Advertisement, Marketing & Promotion Expenses (AMP) – A Tale of Controversy
One of the most important and unsolved puzzles of transfer pricing litigation is Advertisement, Marketing & Promotion (AMP) Expenses, which has no statutory provision or provision to its effect and its complete analogy and understanding is getting developed purely through judicial precedents and the same is still at a very nascent stage.
In normality, the Indian subsidiary of the MNCs acts as a provider of good and services and incurs AMP expenses for the promotion of its goods and services. It has been contended before various judicial forums that the AMP expenses are incurred necessarily for the purpose of selling a company’s products/services in the Indian market.
ORIGIN OF AMP DISPUTE
This issue of AMP was first deliberated in the case of DHL by the US Tax Court. This was primarily on account of US Regulations, 1968 which had provided for separate rules, known as the ‘Developer Assister Rules’. As per these rules, the developer was treated as the economic owner of the product if he incurs the AMP expenses on that product.
The principal focus of these regulations appeared to be ownership based on economic expenditures and risk. Legal ownership of intangibles was not identified. However, the US Tax Court recognised that there is a distinction between regular and irregular expenditure and this difference is important to examine the necessary amount of expenses which are spent on Associate Enterprises and other independent comparables.
In the context of the above regulations, the US Tax court in the case of DHL has elucidated the concept of ‘Bright Line Test’ (BLT) by distinguishing the regular expenses and irregular expenses.
JOURNEY OF AMP IN INDIA
One of the first cases to have dealt with this issue in India was Maruti Suzuki India Ltd. v Additional Commissioner of Income Tax [(2010) 328 ITR 210] in which the Delhi High Court held that AMP expenses incurred would result into an international transaction if it exceeds the expenditure which was incurred by the similar comparable independent domestic entities. The matter was then remanded, however, this judgment was subsequently challenged before the Hon’ble Apex Court which was overruled in case of Maruti Suzuki India Ltd. v. Addl. CIT  335 ITR 121 (SC).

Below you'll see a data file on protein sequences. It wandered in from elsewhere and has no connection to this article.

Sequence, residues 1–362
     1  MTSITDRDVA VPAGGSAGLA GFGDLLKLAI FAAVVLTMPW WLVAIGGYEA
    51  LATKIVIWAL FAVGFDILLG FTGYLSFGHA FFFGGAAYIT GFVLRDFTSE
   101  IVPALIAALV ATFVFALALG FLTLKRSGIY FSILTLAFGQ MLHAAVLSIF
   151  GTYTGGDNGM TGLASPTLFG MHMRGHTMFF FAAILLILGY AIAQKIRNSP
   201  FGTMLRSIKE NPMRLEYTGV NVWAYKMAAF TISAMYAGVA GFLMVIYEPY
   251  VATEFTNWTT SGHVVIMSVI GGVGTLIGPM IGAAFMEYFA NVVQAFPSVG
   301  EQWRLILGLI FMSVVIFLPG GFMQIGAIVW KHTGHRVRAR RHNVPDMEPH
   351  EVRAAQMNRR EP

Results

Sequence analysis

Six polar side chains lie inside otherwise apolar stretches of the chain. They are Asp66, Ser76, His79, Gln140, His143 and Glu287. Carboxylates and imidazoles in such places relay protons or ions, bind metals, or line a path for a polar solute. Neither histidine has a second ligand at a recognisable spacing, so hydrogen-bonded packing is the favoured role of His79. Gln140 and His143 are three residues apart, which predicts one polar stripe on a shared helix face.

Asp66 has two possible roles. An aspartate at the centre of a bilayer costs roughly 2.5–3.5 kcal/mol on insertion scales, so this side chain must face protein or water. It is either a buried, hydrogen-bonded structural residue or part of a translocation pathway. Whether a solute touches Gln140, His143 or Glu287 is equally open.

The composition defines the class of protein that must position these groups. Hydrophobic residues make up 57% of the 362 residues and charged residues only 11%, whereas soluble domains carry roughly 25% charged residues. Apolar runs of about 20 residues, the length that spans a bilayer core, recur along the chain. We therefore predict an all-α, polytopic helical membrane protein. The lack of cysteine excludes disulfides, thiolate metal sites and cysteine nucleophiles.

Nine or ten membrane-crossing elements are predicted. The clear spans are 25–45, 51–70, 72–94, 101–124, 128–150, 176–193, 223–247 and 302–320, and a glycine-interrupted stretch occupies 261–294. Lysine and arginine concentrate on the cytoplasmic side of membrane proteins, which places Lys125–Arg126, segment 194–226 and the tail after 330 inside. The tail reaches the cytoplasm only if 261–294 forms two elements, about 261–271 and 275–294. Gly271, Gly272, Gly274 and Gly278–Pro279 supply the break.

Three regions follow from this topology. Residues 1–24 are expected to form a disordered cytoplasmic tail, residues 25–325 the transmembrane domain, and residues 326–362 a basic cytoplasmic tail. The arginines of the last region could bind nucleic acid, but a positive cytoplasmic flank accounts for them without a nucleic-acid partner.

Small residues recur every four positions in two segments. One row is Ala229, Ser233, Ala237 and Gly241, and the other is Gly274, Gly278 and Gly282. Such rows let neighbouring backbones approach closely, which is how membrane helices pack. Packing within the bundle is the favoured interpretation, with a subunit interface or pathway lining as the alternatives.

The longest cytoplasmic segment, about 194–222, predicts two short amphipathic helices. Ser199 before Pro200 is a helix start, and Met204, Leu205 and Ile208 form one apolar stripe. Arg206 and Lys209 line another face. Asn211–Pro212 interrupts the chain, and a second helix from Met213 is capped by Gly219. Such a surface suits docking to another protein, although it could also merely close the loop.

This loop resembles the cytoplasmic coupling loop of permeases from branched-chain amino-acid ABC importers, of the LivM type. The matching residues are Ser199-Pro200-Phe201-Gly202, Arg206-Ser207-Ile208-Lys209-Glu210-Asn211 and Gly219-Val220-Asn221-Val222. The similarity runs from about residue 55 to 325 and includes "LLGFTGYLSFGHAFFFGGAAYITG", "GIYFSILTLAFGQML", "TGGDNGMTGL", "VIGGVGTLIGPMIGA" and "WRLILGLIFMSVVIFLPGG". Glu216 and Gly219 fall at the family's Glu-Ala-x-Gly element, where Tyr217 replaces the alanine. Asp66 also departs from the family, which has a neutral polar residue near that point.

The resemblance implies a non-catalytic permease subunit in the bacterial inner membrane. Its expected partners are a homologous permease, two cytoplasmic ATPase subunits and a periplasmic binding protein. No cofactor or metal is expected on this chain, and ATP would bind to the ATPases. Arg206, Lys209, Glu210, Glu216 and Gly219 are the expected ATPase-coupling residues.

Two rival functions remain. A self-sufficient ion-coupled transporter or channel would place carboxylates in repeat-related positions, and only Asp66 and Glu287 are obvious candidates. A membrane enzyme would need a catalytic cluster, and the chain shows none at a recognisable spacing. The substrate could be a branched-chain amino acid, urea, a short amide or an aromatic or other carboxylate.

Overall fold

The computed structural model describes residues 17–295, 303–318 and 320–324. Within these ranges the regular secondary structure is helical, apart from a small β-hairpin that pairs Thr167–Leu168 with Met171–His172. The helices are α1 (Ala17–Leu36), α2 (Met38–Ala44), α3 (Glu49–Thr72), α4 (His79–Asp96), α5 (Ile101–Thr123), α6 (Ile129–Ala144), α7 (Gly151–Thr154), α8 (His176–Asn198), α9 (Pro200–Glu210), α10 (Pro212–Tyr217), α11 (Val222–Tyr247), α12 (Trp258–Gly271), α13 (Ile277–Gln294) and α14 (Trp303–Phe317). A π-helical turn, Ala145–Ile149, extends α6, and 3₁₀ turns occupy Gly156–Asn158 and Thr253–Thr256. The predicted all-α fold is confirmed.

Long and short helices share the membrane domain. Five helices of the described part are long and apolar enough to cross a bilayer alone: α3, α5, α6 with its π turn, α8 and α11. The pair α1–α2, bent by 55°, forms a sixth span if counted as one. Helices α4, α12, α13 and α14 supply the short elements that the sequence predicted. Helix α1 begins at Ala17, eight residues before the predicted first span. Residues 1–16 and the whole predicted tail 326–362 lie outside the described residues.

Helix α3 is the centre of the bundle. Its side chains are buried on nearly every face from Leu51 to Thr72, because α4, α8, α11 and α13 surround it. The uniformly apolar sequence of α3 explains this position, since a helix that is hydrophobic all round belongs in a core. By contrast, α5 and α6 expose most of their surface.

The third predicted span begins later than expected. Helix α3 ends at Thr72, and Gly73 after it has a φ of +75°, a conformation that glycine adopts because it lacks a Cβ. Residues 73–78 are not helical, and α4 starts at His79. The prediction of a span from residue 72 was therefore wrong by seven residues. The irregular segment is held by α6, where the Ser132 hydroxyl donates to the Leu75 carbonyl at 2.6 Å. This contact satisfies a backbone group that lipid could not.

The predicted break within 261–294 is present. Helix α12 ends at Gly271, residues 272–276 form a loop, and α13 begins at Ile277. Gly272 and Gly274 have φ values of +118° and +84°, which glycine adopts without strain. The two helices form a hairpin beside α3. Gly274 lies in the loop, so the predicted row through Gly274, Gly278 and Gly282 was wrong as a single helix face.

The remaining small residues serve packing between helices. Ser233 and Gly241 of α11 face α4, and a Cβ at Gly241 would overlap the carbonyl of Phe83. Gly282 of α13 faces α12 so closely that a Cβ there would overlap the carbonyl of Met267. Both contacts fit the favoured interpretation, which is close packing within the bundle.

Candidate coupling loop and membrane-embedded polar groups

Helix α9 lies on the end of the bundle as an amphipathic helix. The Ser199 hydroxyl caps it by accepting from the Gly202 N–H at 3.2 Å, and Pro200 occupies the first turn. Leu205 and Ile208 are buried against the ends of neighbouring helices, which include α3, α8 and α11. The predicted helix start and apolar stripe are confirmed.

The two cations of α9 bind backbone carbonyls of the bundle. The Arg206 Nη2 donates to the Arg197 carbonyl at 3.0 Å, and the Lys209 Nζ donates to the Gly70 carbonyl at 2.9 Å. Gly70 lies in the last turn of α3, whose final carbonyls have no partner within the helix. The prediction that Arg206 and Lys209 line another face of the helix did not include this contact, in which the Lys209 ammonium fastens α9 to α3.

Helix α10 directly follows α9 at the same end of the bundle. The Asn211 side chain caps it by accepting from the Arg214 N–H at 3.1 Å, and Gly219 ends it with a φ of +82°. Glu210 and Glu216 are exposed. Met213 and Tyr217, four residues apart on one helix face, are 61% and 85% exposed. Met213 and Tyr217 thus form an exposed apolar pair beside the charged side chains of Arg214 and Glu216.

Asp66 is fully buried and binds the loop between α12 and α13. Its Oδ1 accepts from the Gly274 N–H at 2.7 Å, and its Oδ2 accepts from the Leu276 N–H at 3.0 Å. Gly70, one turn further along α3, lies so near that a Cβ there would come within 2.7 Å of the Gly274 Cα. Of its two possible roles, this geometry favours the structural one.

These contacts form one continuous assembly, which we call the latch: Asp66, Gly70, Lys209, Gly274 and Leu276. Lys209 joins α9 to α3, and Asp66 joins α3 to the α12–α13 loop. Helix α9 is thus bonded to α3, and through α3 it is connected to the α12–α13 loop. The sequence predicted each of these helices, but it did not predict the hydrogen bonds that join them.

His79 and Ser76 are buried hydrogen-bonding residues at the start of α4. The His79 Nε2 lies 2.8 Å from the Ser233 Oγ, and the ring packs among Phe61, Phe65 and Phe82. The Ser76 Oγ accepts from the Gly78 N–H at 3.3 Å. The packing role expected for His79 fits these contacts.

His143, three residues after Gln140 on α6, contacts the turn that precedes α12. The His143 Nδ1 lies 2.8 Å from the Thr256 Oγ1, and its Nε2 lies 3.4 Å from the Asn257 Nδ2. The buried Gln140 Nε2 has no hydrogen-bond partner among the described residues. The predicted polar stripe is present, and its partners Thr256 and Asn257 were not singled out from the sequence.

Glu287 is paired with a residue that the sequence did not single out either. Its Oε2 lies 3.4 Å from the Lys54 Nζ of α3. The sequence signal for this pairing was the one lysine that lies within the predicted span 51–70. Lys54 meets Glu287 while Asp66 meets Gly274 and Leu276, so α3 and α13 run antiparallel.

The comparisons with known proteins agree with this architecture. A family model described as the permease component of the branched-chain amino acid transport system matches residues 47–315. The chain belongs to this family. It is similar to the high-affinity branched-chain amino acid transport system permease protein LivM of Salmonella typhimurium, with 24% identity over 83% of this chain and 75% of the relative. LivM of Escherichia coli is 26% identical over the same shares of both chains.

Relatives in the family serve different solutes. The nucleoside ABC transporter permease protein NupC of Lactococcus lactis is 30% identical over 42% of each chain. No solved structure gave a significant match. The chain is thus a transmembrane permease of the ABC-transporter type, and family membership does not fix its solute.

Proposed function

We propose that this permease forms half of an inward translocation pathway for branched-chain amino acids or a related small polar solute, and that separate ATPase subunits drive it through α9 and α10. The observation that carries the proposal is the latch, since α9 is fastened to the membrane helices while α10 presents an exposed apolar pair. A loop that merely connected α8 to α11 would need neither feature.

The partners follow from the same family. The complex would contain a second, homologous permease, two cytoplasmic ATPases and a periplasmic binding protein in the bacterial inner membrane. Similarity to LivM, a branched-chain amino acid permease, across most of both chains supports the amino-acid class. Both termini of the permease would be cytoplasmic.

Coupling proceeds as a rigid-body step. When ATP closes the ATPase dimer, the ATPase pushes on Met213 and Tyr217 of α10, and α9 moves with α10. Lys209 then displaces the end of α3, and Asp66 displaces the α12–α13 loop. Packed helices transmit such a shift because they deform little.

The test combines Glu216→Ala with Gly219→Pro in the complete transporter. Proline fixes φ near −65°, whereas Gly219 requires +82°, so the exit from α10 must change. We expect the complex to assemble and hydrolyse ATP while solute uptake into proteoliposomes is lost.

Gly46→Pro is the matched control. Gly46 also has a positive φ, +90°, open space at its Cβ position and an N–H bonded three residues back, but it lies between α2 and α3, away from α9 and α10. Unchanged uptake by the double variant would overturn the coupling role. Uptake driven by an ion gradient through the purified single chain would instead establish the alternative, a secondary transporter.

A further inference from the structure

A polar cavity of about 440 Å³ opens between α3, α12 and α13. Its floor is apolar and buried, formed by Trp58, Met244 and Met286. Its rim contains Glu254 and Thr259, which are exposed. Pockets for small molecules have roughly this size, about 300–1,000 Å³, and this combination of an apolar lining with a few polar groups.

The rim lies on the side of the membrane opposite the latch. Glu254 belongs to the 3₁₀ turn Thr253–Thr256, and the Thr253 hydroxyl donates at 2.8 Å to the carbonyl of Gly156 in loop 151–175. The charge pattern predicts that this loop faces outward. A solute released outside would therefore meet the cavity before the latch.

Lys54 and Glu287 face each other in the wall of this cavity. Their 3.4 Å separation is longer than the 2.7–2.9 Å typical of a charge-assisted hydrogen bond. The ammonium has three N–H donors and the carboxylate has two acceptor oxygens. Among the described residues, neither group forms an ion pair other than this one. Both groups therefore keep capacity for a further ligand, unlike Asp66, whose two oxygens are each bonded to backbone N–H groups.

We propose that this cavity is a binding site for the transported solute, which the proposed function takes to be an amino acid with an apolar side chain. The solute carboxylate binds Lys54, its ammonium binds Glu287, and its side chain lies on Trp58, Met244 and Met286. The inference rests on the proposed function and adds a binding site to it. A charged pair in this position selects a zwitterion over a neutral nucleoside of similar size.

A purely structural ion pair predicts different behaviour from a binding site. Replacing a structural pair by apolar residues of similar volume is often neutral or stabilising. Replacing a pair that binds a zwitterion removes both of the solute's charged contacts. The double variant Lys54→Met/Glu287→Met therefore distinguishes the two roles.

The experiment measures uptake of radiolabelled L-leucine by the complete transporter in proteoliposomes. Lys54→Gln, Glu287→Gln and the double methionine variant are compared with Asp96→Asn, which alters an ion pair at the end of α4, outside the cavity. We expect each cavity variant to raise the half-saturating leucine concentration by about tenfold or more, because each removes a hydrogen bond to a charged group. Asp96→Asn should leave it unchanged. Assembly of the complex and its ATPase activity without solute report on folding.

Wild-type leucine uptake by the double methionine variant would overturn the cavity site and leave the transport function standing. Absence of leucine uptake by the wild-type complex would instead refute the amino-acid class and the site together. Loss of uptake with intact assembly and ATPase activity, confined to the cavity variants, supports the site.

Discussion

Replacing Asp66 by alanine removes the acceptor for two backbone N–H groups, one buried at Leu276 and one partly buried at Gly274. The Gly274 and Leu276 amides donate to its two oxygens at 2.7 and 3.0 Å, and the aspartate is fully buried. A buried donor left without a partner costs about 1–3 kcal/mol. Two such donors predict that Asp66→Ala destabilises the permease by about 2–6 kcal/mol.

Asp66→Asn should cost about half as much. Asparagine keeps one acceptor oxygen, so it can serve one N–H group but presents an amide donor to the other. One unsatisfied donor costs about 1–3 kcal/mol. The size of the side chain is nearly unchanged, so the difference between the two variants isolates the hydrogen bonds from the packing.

The Maruti Suzuki case was again referred to by the Delhi Bench of ITAT in the case of LG Electronics India Pvt. Ltd. v Assistant Commissioner of Income Tax [(2013) 140 ITD 41 (Delhi) (SB)], wherein it was held that the Bright Line Test can be said to be a real test to determine the International Transactions and transfer pricing adjustment can be made on the basis of the Bright Line Test.
The ratio of LG Electronics India Pvt. Ltd. (Supra) was rejected by the Delhi High Court in the case of Sony Ericsson Mobile Communications India Pvt. Ltd. v Commissioner of Income Tax [(2015) 374 ITR 118], wherein the court overruled the aforementioned judgment to the extent that they dealt with the question of AMP expenses and held that legal ratio accepted and applied by the Tribunal relying upon the majority decision in L.G. Electronics India (P.) Ltd. (supra) is erroneous and unacceptable.
“It further held that we disagree with the Revenue and do not accept the overbearing and orotund submission that the exercise to separate ‘routine’ and ‘non-routine’ AMP or brand building exercise by applying ‘bright line test’ of non-comparables should be sanctioned and in all cases”
BRIGHT LINE TEST
The theory of Bright Line Test (BLT) as originated from the DHL case by the US Tax Court is a thin line distinguishing between the regular and irregular expenditures incurred on advertisement and brand promotion.
AMP expenses incurred by the distributors beyond such Bright Line Test constitute irregular expenditures resulting in creation of an economic ownership, as expenses which are made on promoting the brand of a product and not an advertisement.
However many judicial precedents in India have discarded the concept of BLT by stating that the Arm Length Price (ALP) adjustment based on BLT to determine international transactions is not permissible. The High Court of Delhi in case of Sony Ericsson Mobile Communications India Pvt. Ltd. v. CIT, (Supra) held that the “’bright line test’ has no statutory mandate and a broad-brush approach is not mandated or prescribed.”
Due to the lack of statutory law and legislative framework governing transfer pricing, the taxability of AMP expenses has become a point of dilemma. It also fails to offer any guidance in situations where an express agreement does not exist between the companies to provide for the specific clause of spending on advisement of a product.
The decision of Sony Ericsson (Supra) is definitely a silver lining in the right direction in as much as it has overruled the BLT. The BLT is full of difficulties and arbitrariness and it cannot be said to be a real test to distinguish the regular and irregular expenses.
The issue of AMP is now pending before the Supreme Court in case of Sony Ericsson and Maruti Suzuki, and a final word on the same would definitely solve the most controversial area of transfer pricing litigations and would give a clear view on AMP.
For provisions applicable exclusively to importers of medical devices
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(Republished with Amendments)